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Born February 26, 1932, Johnny Cash (also known as the "Man in Black") was an influential country musician, best known in the 1950s and '60s for his hit songs I Walk the Line, Folsom Prison Blues and Ring of Fire, and he became known in his later years for his stripped down cover versions of modern popular songs, such as Hurt.
Fueled by his own rocky personal life and spiritual path, much of Cash's music, especially that of his later career, echoed themes of sorrow, moral tribulation and redemption. Thus, in a career that spanned almost five decades, Cash was the personification of country music to many people around the world, despite his distaste for the Nashville mainstream.
Cash was particularly famous for his prison concerts, especially the historic performances in Folsom and San Quentin prisons in the late '60s. The former ended up being one of the fastest selling records of all time.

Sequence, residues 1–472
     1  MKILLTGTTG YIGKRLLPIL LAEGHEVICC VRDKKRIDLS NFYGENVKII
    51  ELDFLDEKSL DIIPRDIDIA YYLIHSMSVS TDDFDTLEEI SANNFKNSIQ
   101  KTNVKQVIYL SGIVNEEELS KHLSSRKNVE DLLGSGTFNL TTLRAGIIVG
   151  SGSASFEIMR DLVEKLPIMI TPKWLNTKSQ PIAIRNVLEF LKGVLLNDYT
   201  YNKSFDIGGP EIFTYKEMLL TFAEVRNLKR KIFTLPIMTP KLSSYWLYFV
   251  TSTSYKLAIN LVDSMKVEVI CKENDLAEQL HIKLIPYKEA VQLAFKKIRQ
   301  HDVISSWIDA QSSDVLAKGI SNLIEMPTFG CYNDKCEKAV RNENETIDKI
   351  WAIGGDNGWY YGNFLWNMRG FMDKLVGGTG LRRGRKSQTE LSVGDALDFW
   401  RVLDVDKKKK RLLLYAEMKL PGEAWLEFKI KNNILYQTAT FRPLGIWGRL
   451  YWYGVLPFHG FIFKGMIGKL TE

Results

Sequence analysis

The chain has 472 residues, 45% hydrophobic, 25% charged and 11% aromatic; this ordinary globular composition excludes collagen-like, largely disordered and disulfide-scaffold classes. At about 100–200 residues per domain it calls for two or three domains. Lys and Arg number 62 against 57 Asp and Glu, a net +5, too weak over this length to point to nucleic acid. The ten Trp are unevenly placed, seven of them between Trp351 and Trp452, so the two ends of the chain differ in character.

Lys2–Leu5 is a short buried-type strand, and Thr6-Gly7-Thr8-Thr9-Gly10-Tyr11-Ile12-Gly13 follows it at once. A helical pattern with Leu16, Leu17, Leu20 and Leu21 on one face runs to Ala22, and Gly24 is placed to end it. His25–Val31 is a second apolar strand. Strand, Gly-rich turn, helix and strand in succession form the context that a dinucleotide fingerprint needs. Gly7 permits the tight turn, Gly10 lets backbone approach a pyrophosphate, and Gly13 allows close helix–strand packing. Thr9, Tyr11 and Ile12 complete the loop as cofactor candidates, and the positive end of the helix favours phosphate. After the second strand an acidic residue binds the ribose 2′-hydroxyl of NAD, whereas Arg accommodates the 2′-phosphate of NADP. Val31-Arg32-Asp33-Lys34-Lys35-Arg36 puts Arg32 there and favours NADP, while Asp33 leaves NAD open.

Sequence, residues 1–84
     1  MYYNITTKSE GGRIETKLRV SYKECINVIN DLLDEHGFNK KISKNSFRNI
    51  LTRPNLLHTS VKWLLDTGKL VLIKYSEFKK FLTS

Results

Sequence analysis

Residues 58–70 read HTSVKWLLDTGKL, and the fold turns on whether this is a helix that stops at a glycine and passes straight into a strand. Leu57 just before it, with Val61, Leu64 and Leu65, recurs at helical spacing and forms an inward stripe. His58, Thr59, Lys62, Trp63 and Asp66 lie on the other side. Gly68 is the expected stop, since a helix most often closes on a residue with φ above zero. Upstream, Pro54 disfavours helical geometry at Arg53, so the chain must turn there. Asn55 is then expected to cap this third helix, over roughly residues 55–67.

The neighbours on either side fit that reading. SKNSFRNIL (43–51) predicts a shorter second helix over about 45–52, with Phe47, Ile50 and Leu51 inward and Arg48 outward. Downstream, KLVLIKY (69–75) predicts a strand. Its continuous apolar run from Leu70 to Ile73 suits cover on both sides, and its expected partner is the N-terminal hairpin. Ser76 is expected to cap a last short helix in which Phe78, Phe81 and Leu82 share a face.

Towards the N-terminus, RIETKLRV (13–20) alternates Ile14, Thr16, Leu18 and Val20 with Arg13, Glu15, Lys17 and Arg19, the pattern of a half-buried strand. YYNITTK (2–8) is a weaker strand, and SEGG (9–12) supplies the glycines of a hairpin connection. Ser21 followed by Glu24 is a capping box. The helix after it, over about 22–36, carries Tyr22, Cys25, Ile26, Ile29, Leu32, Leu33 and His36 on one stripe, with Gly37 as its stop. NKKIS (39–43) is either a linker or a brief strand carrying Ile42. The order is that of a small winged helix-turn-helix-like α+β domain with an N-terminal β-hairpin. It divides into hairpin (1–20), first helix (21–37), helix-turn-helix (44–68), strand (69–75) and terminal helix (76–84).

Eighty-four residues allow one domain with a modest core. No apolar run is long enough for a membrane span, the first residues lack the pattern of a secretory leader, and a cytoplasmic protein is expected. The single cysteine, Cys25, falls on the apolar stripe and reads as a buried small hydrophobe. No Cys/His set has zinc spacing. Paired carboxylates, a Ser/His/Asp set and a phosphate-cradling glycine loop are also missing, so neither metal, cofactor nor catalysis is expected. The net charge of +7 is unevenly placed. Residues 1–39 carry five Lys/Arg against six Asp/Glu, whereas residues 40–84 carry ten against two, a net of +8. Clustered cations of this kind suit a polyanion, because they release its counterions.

Cash and June Carter Cash were married soon after Cash proposed to her during a concert in London, Ontario in 1968. The couple recorded several duets, including Jackson and It Ain't Me Babe. June Carter had co-written Ring of Fire for Cash before their marriage.
His career was rejuvenated in the 1990s, leading to unexpected popularity and iconic status among a younger audience not traditionally interested in country music. In 1993, he sang the vocal on the track The Wanderer for their album Zooropa.